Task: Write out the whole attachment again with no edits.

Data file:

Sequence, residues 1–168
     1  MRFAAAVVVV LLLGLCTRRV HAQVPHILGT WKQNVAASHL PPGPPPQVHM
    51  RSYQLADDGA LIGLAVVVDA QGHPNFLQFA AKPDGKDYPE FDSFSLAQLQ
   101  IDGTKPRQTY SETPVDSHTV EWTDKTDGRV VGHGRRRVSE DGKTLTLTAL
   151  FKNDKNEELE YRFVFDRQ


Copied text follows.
Sequence, residues 1–168
     1  MRFAAAVVVV LLLGLCTRRV HAQVPHILGT WKQNVAASHL PPGPPPQVHM
    51  RSYQLADDGA LIGLAVVVDA QGHPNFLQFA AKPDGKDYPE FDSFSLAQLQ
   101  IDGTKPRQTY SETPVDSHTV EWTDKTDGRV VGHGRRRVSE DGKTLTLTAL
   151  FKNDKNEELE YRFVFDRQ